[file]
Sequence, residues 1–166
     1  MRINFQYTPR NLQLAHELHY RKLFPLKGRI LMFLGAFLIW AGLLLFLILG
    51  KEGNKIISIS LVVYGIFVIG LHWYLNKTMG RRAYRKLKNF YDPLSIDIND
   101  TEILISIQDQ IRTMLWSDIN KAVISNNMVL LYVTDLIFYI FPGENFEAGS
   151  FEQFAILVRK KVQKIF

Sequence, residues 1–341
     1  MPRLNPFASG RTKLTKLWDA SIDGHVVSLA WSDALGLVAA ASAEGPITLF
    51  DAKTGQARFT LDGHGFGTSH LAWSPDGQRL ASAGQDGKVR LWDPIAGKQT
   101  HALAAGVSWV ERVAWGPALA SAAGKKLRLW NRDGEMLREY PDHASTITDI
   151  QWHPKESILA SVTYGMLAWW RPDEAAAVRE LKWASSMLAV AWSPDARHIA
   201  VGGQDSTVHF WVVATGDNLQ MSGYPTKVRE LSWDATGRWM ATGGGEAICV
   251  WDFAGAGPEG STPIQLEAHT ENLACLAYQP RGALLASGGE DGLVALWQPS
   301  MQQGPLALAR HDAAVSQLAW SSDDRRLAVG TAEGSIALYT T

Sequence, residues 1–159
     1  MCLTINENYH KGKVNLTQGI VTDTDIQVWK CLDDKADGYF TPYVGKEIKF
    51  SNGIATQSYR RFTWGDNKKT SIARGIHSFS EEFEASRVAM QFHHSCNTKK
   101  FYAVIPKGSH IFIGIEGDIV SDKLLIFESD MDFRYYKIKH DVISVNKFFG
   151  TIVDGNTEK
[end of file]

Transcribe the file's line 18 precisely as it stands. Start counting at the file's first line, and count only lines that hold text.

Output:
   151  TIVDGNTEK